As governments consider strategies to reduce emissions from transportation, a new Fuels Institute report provides valuable context to help guide their considerations, encouraging them to consider multiple perspectives before deciding how to proceed. “Impact of Transportation-Related Environmental Initiatives” takes an in-depth look at the relative effectiveness and associated costs to society, government, industry and consumers of 14 distinct transportation movements, including those focused on emissions, fuel economy, and carbon pricing; alternative fuels; congestion pricing, tolls, and telecommuting; and mobility.
“As the world continues to focus on the transportation-energy sector to positively impact the environment, we commissioned this report to provide a resource to help policymakers and stakeholders better understand the menu of options available to them,” said Fuels Institute Executive Director John Eichberger. “We began by summarizing 37 different initiatives under consideration around the world, and then focused on 14 to conduct robust evaluations to understand their effectiveness in reducing emissions and their overall cost to society and consumers.”
The report compares all 14 movements in the areas of effectiveness, impact, and cost over the next 20 years (2020-2040). Effectiveness is a weighted average measure of emissions, fuel economy, and vehicle demand in terms of shift to alternative powertrains; impact is defined by whether the movement is nationwide, prevalent in some states, or limited to only a few regions or cities; cost includes those incurred by industry participants and/or consumers to comply with a movement.
Consumer Energy Alliance President David Holt said the report provides critical analysis to better understand emissions reduction efforts by introducing agnostic facts and analysis into a debate in which policymakers must make the right choices from among dozens of policy proposals and untested initiatives.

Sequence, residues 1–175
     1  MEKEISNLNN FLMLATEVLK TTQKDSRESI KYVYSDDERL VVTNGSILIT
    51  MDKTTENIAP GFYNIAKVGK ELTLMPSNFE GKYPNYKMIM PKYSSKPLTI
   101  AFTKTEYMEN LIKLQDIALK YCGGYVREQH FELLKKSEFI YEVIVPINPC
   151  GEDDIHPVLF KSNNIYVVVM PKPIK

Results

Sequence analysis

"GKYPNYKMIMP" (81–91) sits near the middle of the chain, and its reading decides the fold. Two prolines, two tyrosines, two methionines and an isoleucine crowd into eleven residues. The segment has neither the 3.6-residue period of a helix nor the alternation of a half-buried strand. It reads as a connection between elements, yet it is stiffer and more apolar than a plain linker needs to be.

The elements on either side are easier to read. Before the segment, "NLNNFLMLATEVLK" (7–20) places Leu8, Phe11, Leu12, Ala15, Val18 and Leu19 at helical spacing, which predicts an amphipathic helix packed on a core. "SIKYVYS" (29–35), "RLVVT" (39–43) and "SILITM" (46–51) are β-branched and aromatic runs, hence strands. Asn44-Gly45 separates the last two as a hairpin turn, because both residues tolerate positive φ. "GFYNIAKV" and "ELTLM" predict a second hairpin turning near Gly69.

“This important Fuels Institute study gives us the kind of hard data that must be part of the formula for energy policy that balances our environmental goals and economic needs, while preserving consumer choice,” Holt said. “America can and should build on its world-leading emissions reductions, and information like this arms us with the tools to make smart decisions so our families, farmers and small businesses do not bear an unnecessary burden for their transportation-related energy costs. It’s all about balance.”
“With the menu of initiatives available, it is important for stakeholders to be able to balance their options with respect to meeting transportation-related emissions goals with the
associated costs to consumers and society,” Eichberger continued. “This report serves as a tool for policymakers to use when weighing the costs and benefits of specific initiatives to facilitate the development of effective programs.”
The report found that policies promoting vehicle electrification seem to yield significant emissions reductions but carry with them similarly significant costs. Those policies addressing biofuels yield moderate emissions reductions coupled with moderate costs. Meanwhile some policies like telecommuting yield modest emissions benefits with minimal associated costs.
“What becomes clear when evaluating the various options available is that there is no silver bullet – every initiative comes with offsetting compromises,” Eichberger explained. “This report can help interested parties evaluate the options available to determine which combination of programs could yield the greatest emissions reduction for the lowest possible cost – and that is something that could be considered sustainable, from the perspective of both the environment and the economy.”
This report provides valuable context into the relevant emissions-reducing movements gaining traction in the U.S. and serves as an objective way to measure their costs and benefits as compared to one another. The “Impact of Transportation-Related Environmental Initiatives” report is available at www.fuelsinstitute.org/research. Additionally, you can find an overview of the full 37 movements considered for this report to guide consideration of the various options available for addressing transportation-related emissions.